I'm half-way through my commitment, working at the shop for the two busiest months of the year. It's a good time to put in some hours: it's consistently busy so the time flies, and the riding is not so interesting right now. It's that awkward season between winter's snow riding and the dirt trails opening. Riding to work on the pavement is my main form of biking right now. As Jon says: I'm pretty good at biking 9 miles fast.
During the commute, there's lots to watch out for. Glass on the paths, potholes and mispositioned curb cuts. Motor vehicles, of course. People and dogs and piles of gravel. Last week I had a few moments of frustration. First, there was the pedestrian on Lake Otis Parkway. I saw him from a distance as he looked at the bus schedule. I slowed a little as he stepped away from it. I called out to him. As I drew closer, he looked at the traffic that was coming from the other direction, stepped in front of me then began crossing the street. He neither heard nor saw me even though I was shouting to get his attention.
Finally, as I rode past, I said: Dude! You just stepped in front of me! He stopped in the street, turned around and looked at me with a blank stare, white cords dangling from his ears. Yes, I should always expect that pedestrians have tuned out and won't hear me no matter how loud I ring my bell or shout "Biker! Biker behind you!" I'm used to car drivers not paying attention and not seeing me; it becomes more annoying when it's a pedestrian.
A truck driver did notice me a couple days later. He noticed Jon as well. We were riding in. I was on my road bike and we'd decided that rather than biking on the root- and frost-heaved path along Abbott Road (between Elmore and Lake Otis), we would ride on the road. There was still lots of gravel on the shoulder, but we managed to find enough clean pavement between the white line and the loose gravel to make for a fast ride.
Then I heard some shouts and the words "bike path!" hurled at me. As the pickup drove by, I raised my hand in a wave and a peace sign. Whatever. Then he yelled at Jon, who also waved. (Jon later told me he thought the driver was someone from one of the other shops teasing him. I've had friends do that to me: shout at me to get off the road, then wave madly as they go by.) Just after he passed Jon, Jon made a left turn and I followed so we could cut through a parking lot. The driver was paying attention through his mirror because he turned into the next driveway for the parking lot and headed my way. I stopped and prepared for a chat.
It went something like this:
Truck man: You should be on the path, not on the road. Me: I was riding in the bike lane. TM: That's not a bike lane; it doesn't have a bike painted on it. Me: I'm on my way to work. I ride on the road because there are so many intersections on the path and people don't stop at them to look. More people are hit by cars on the path than on the road. Drivers turning right are dangerous. TM: I don't want to hear your reasons. I'm sick of you bikers everywhere. I have a bike but I ride it on trails, when I'm hunting. Me: Well, I'm on my way to work.
The encounter happened so fast. I'm not entirely sure of the order of the comments. His volume was rising (along with his blood pressure) as he became more excited. I felt strong. I knew I was right. He was the one who instigated this encounter when he could have just continued past. It was just after 10 a.m. and maybe his day had started out crappy and he was taking it out on us, but I figure every encounter is a chance to educate. Perhaps I should thank him for noticing us.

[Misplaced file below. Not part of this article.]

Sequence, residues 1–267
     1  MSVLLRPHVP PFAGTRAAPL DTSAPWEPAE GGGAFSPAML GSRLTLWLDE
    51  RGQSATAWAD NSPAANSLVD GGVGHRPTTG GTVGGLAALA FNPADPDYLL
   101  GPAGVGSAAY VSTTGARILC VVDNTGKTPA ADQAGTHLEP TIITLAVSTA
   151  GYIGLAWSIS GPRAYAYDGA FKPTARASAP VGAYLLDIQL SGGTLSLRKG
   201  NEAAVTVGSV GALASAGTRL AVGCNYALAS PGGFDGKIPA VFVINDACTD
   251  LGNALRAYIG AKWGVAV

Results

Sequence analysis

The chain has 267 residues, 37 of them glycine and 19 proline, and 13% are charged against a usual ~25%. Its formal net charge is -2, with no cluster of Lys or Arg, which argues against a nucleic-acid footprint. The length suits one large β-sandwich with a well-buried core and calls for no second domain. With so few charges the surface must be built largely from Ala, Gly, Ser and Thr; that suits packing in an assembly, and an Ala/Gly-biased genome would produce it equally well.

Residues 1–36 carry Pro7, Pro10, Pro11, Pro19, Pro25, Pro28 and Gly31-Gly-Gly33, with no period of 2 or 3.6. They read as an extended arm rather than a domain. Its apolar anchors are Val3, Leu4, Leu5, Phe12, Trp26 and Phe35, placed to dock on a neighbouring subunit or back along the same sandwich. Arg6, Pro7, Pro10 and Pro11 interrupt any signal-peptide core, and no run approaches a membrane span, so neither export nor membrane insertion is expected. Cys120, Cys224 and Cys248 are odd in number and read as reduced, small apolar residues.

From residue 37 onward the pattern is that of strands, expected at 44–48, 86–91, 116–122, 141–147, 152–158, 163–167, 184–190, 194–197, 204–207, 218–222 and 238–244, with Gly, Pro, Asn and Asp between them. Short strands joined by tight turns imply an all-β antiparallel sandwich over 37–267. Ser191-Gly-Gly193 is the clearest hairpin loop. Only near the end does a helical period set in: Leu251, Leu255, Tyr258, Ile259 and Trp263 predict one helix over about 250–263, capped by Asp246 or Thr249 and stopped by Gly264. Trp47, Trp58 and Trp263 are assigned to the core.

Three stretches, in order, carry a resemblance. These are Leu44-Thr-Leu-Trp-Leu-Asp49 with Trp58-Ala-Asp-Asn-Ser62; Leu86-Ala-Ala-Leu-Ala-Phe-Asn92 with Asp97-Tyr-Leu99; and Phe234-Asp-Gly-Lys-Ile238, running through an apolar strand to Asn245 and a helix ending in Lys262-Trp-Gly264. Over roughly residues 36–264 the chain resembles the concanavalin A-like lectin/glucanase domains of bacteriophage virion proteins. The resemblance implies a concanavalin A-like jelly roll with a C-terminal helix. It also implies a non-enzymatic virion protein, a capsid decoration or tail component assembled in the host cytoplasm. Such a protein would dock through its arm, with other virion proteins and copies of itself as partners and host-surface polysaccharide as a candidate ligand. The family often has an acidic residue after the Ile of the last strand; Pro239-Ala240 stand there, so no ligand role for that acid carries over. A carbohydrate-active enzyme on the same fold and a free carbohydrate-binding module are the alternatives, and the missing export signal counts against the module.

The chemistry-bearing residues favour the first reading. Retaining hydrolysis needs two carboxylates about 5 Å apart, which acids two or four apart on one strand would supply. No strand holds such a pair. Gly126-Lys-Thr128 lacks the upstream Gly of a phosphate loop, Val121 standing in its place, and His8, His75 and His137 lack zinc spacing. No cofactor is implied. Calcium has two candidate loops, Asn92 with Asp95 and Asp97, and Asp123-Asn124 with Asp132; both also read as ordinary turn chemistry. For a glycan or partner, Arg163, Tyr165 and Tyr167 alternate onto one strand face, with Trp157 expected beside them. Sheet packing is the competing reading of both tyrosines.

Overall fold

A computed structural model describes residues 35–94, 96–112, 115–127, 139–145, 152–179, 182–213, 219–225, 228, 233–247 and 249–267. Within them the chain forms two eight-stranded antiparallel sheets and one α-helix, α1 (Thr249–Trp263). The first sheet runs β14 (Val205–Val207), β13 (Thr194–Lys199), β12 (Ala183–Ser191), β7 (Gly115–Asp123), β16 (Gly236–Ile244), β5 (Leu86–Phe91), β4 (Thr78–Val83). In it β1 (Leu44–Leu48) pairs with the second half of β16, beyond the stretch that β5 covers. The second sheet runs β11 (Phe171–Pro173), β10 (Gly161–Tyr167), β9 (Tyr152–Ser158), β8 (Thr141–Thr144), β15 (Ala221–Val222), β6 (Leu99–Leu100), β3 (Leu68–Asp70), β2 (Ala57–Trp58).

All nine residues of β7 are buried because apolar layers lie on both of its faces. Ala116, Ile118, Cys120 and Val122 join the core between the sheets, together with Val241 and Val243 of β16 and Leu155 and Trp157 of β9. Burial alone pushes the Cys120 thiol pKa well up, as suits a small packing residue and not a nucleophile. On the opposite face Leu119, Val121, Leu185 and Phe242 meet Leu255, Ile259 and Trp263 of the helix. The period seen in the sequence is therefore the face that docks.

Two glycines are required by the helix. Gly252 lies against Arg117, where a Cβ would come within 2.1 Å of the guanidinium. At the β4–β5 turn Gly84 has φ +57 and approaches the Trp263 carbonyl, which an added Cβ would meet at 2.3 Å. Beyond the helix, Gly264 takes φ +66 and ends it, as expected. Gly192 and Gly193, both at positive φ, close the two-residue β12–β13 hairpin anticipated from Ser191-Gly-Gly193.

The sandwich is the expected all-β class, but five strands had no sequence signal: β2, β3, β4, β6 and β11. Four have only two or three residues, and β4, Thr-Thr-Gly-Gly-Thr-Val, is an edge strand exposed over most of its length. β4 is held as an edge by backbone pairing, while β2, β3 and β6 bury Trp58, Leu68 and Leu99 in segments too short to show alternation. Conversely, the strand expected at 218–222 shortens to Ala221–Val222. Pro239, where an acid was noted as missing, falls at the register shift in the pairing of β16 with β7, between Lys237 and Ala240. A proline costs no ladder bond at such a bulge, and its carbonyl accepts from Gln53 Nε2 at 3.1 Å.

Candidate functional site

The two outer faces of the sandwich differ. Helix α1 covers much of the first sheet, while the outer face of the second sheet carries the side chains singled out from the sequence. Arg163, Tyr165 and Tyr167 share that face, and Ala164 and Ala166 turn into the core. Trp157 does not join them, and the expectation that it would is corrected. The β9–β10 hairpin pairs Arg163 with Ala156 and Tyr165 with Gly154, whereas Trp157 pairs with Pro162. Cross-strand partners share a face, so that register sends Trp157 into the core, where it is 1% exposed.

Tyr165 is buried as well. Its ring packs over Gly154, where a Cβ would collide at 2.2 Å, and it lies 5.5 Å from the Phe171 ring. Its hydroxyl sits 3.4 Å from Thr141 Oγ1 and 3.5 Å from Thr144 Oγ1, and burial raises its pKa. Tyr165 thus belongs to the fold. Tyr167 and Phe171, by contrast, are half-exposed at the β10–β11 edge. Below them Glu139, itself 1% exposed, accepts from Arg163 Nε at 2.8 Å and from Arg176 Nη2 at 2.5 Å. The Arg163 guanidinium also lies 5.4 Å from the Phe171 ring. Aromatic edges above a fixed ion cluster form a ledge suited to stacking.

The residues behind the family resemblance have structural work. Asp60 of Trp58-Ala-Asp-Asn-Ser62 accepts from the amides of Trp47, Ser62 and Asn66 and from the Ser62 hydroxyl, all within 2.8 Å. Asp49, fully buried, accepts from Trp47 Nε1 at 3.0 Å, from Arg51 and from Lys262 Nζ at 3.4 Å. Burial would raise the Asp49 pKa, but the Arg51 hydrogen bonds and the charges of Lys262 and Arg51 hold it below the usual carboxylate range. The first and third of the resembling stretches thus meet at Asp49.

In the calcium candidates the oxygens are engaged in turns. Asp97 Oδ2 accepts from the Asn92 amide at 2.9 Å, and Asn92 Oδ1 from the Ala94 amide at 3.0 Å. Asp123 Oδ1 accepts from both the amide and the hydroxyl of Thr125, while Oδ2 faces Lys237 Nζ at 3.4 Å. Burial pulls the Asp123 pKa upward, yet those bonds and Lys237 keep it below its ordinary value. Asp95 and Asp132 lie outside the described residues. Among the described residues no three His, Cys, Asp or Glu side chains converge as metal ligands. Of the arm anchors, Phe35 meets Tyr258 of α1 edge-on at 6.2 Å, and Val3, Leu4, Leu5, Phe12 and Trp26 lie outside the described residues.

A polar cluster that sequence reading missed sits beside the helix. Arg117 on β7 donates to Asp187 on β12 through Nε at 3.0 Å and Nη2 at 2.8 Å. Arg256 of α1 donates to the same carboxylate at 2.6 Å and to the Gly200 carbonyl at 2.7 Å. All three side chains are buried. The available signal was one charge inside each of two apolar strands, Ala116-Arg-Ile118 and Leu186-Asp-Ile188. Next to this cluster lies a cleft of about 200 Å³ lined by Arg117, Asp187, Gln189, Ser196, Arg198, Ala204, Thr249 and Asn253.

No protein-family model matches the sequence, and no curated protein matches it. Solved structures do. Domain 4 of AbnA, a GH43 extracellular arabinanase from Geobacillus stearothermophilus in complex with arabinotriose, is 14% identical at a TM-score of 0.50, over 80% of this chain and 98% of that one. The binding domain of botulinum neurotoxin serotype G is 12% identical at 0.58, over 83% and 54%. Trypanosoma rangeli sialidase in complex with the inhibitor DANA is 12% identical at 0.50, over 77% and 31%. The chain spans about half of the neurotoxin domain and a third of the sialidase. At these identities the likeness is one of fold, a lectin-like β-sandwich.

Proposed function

Me: I just appreciate that you're watching out for cyclists! TM: I'm going to call DOT about this. Me: That reminds me, I'm going to call DOT to get them to sweep the shoulder. Truck Man grumbled and was turning red. Finally he began driving away and headed out the parking lot, returning in the direction he came. I don't think Jon had a chance to get more than a few words in.
It's strange; about half our route is on paths and just before we'd hopped on this short stretch of road, Jon and I had been talking about bike safety. Earlier that morning I'd read a Compass piece in the paper by a friend of the cyclist who was killed in early April after being struck and dragged by a car. Anchorage police had ruled the accident to be the fault of the cyclist, but the writer wasn't convinced. I'm not convinced either. An experienced cyclist is ever cautious. Aware of the danger spots on our familiar routes. We make choices based on past experiences. We know where it's safest to ride.
Jon and I made a choice last week to ride on a short stretch of road. I was riding safely and felt safer than I do when riding on the path. I don't want anyone to think I'm a big risk-taker. Far from it. I'll ride the road when there's room and it's clear. I'll ride the path when the road isn't any good. I'll hope the cars give me some space when I'm on the shoulder and will stop before the path when I'm on the pathway. Yeah, it could happen. But I'm not counting on it.
Whether riding legally on the road or on the path, my goal is to get to and from work safely. Is it too much to ask other people to pay as much attention to their surroundings as I do? Whether they're in a motor vehicle, on foot or on a bicycle. Sharing the road and sharing the trails aren't just nice sentiments, they are good practices that require people to be alert. I'll do my best to keep my eyes open and to give people plenty of room. Including when I'm in my car.